When thinking of an accountant or bookkeeper, it is easy to mistake why you would need them. You could assume you would only need one if you had a large Business, perhaps only if you‘re VAT registered or dealing with Company tax?
Did you know though that if you are doing any work outside of being employed, you should be declaring it to HM Revenue & Customs? You‘ll have heard everywhere about self assessment (SA), particularly as the annual deadline of 31st January looms closer. Does it actually apply to you though?
If you‘re doing any work (except for employed work) which is paying you money then yes – even if it doesn‘t take you over the National Insurance (NI) or tax threshold! The current threshold for 2014-2015 for National Insurance Class 2 contributions = £5,885 and the Personal Allowance for tax = £10,000. Any extra work outside of employment is classed as self employment, these includes things such as creating and selling crafts, being a rep for companies, holding parties/delivering brochures and providing advice for a payable service and there are many more.
If you do any of these, you should be declaring it to HMRC on a Self Assessment annually. You can do a self assessment by yourself online or via paper. The key points are to make sure your accounts are complete and that you have double checked all entries to your bank account(s) and reconciled any online payments such as Paypal. This will give the gross income total to enter and the expenses you can claim for. These together make your net profit (gross – expenses = profit). That net profit determines if you will need to pay NI and/or tax and how much.
It is imperative that you keep your paper or computerised accounts up to date! HMRC can call ANYONE in for a tax investigation should they wish to which means proving everything you have done is correct and legal. If you are missing entries or receipts of transactions, this will prolong the investigation and can cause extra charges.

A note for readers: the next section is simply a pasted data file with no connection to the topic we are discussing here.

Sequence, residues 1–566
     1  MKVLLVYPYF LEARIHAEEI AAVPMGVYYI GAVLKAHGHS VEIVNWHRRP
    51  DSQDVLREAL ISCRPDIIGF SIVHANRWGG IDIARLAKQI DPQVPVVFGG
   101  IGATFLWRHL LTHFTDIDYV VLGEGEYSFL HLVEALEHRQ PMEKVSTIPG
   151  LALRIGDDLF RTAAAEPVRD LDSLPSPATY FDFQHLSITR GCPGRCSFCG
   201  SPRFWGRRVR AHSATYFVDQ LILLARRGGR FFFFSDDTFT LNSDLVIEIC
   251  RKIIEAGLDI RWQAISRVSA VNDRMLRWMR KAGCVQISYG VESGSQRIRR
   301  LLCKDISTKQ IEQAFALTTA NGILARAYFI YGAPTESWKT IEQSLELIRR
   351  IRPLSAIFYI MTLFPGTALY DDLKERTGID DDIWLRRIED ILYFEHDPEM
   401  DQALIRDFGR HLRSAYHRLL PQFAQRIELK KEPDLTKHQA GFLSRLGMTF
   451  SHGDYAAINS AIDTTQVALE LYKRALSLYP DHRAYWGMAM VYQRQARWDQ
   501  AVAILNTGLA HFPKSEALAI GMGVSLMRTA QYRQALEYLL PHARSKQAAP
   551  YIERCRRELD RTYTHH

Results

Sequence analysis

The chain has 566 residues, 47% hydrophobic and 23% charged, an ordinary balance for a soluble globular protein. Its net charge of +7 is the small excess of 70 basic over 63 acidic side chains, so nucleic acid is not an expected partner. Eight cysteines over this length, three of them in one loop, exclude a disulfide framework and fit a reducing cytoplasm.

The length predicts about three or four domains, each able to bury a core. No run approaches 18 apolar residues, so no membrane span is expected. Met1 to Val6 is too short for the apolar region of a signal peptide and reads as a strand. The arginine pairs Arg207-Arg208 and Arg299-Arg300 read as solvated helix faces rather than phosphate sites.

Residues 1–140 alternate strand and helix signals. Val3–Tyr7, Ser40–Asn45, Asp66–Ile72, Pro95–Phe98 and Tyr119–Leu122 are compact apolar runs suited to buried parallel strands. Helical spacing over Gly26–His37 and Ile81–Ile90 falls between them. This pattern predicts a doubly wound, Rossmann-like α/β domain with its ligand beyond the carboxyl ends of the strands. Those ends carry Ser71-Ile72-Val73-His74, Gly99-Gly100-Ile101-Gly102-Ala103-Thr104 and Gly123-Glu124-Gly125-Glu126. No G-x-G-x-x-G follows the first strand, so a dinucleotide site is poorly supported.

If you are finding you don’t have the time to do your books or perhaps don’t fully understand it then it could be worth looking into a bookkeeper. Armed with your bank statements, receipts and all information needed, a bookkeeper can keep these physical records that are vitally needed correct and up to date and ensure your accountant and HMRC are getting the correct information.
Once your accounts are complete and correct, this is where accountants come in. They know all of the information we don‘t. They know what you can/can‘t claim in expenses, how they should be recorded and can even complete your self assessment for you. Having an accountant complete this for you can mean peace of mind and can help towards an easier tax investigation should one ever arise.
If you‘re a large company, or even self employed but have a bigger turnover, you should consult advice as to whether you need to be a registered Business and what implications and bonuses can come of being VAT registered for example.
Below are 5 questions. If you can‘t answer “Yes” to all of these, you should look into having a bookkeeper and/or accountant :-
1) Are your paper/computerised accounts up to date?
2) Are you reconciling bank statements and online payment systems?
3) Are you separating any self employment with employed work?
4) Are you comfortable/happy with the information you are providing to HMRC?
5) Do you think your records prove everything you have done should an investigation happen?
They have knowledge and expertise and many will offer an affordable (or even free) first consultation to fully understand your needs. By using a qualified and experienced bookkeeper and accountant, your books and accounts can be at their best without the stress of doing it yourself.